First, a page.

I'm learning statistical learning with the well known ISLR (Introduction to Statistical Learning with Applications in R) and doing the exercises, right now in the linear chapter regression. Despite being linear regression, non linear transformations are also mentioned because of the high bias issues.

It's quite straightforward to understand the meaning of a linear regression model with multiple predictors, e.g.:

Y = β0 + β1X1 + β2X2 + β3X3

So as X1 increases by one unit, predicted response Y will increase by β1 units (assuming X2 remains constant), same for the rest of predictors.

Also for regression with interaction terms:

Y = β0 + β1X1 + β2X2 + β3X1 X2

Which in this case indicates there's a synergy between X1 and X2 predictors, removing the additive assumption.

I'm also getting familiar with F-statistic, t-value or p-value for assessing the statistical significance of the predictors and decide whether or not there's an actual relationship with the predicted variable.

In the applied exercises section for this chapter, one of the exercises used with a dataset with several values, contains the following question:

Try a few different transformations of the variables, such as log(X), sqrt(X), X^2. Comment on your findings.

How should one try nonlinear transformation of variables following an intuition? It's easy to get a sense of this for simple regression with a single predictor (just by plotting the dataset), but what's the technique here without just randomly try stuff, considering that there are several predictors to try them all?

Moreover, given the following hypothetical model:

Y = β0 + β1X1 + β2X2 + β3X3 + β4X1^2 + β5log(X2)

That is, a predictor having both a linear and non linear relationship with the response? What can be a real-world example to understand this? As said, this would be very easy with a single predictor, but I don't find an intuition with multivariate regression.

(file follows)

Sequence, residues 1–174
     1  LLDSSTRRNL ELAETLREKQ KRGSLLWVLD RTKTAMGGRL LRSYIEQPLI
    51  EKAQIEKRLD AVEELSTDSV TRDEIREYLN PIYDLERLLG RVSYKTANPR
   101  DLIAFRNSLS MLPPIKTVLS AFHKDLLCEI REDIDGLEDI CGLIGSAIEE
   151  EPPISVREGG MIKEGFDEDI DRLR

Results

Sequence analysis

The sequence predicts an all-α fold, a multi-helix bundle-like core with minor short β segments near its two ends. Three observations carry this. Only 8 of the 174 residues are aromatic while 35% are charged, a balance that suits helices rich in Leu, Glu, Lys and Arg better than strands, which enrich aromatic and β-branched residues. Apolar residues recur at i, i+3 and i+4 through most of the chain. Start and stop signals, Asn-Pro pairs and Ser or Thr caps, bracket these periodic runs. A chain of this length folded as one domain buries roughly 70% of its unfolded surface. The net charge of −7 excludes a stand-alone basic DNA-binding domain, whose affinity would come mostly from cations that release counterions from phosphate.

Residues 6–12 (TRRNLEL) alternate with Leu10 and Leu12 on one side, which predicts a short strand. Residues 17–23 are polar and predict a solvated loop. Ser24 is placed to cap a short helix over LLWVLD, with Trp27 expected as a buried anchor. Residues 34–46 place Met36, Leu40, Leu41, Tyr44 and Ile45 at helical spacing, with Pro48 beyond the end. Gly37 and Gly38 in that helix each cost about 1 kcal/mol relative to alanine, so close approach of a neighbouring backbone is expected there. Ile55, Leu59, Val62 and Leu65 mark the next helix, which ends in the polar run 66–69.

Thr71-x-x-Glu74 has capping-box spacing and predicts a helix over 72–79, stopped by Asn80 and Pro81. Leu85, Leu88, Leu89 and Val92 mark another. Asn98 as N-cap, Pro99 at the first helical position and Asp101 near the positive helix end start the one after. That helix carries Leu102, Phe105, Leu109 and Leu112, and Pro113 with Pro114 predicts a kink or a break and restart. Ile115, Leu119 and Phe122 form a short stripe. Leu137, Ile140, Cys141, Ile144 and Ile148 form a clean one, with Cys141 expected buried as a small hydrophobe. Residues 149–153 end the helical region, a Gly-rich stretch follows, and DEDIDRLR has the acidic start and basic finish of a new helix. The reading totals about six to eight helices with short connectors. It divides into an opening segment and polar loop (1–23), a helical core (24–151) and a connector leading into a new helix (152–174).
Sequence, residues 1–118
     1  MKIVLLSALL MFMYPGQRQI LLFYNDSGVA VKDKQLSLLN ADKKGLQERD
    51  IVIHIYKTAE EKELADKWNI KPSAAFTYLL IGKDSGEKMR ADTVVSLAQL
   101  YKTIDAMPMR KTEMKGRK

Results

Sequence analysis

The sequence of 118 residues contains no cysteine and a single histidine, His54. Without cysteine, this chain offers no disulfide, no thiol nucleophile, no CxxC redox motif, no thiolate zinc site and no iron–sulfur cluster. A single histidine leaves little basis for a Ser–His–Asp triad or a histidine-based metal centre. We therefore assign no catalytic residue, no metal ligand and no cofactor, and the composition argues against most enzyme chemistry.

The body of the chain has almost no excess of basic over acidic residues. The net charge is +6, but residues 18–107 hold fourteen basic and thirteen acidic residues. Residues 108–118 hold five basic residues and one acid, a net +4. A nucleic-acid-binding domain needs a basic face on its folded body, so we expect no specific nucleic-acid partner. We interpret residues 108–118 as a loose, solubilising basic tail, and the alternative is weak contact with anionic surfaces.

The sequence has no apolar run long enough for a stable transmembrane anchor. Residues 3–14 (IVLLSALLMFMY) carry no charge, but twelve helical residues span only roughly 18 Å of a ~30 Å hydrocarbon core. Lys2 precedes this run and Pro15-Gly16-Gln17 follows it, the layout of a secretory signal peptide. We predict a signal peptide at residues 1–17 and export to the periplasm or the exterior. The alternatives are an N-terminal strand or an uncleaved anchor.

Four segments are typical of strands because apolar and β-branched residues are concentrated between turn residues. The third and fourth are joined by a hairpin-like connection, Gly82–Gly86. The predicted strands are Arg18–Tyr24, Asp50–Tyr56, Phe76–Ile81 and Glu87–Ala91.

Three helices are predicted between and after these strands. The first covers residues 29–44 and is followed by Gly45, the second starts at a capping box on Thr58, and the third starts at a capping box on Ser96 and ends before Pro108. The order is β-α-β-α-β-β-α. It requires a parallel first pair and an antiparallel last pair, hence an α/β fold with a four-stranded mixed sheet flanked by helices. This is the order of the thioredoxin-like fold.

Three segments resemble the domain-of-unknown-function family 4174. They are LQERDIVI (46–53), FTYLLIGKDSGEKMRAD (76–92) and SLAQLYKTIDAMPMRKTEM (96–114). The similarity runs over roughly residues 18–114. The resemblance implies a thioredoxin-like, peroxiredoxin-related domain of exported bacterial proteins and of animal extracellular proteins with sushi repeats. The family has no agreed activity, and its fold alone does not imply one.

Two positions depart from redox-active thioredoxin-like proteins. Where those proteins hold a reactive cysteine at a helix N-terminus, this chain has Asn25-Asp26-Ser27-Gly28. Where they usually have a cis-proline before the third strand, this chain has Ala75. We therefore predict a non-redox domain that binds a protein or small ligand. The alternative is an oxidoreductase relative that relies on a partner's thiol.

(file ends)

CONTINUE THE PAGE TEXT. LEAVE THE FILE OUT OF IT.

Not quite sure if this is what your question actually is. However, when you have a data generating process such as $y = 3 + 2x$ (with some zero-mean "gaussian noise"), your model could look like:

$$ y = \beta_0 + \beta_1 x + u,$$

and you will find the $\beta_0 = 3$ and $\beta_1 = 2$.

When you have a data generating process such as $y=3+2x+3x^2$ you need to do a "basis expansion" in your model to capture the additional complexity of the function and you could write a model such as:

$$ y = \beta_0 + \beta_1 x + \beta_2 x^2+ u.$$

The second model will capture the non-linear (quadratic) DGP "perfectly".

df = data.frame(x1=seq(-10,20,by=0.2))

df$v = df$x1^2 
df$err = rnorm(nrow(df), mean = 0, sd = 1)
df$y = df$v + df$err 


reg1 = lm(y~x1,data=df)

reg2 = lm(y~poly(x1,2,raw=T),data=df)

I will give you an intuitive example to try out yourself - that will showcase the significance of interaction variables.

Let us say you had to predict a person's height by age and Gender:

X = Age, Gender y = height

You have two modelling options:

Option 1 - y_hat = b0 + (b1 x age) + (b2 x gender)

So, you have age and height as independent predictors for someone's height.

Nothing earth shattering yet - this is what you would generally expect to do.

Option 2 - y_hat = b0 + (b1 x age) + (b2 x gender) + (b3 x age x gender)

This is a much more expressive model (notice the interaction term between age and gender - with coefficient b3)

If gender is male (0) - this breaks down to:

y_hat = b0 + (b1 x age) + (b2 x 0) + (b3 x age x 0), or further

**y_hat = b0 + (b1 x age) ** - I

If gender is female (1):

y_hat = b0 + (b1 x age) + (b2 x 1) + (b3 x age x 1), or further

y_hat = (b0+b2) + (b1+b3) x age, or further

y_hat = B0 + (B1 x age) - II

With the interaction variables - you can see that the regression from Option 1 is actually broken down automatically into two separate regression models in Option 2. The two models are represented by I and II under Option 2. It is likely that the Model from Option 2 is much more expressive than Model 1


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